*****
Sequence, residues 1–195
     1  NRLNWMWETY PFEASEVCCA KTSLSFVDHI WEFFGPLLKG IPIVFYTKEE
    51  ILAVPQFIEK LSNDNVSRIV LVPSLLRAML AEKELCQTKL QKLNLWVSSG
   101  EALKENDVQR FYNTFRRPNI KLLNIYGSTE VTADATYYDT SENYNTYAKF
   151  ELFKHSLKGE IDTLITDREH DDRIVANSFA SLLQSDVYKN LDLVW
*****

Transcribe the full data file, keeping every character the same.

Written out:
Sequence, residues 1–195
     1  NRLNWMWETY PFEASEVCCA KTSLSFVDHI WEFFGPLLKG IPIVFYTKEE
    51  ILAVPQFIEK LSNDNVSRIV LVPSLLRAML AEKELCQTKL QKLNLWVSSG
   101  EALKENDVQR FYNTFRRPNI KLLNIYGSTE VTADATYYDT SENYNTYAKF
   151  ELFKHSLKGE IDTLITDREH DDRIVANSFA SLLQSDVYKN LDLVW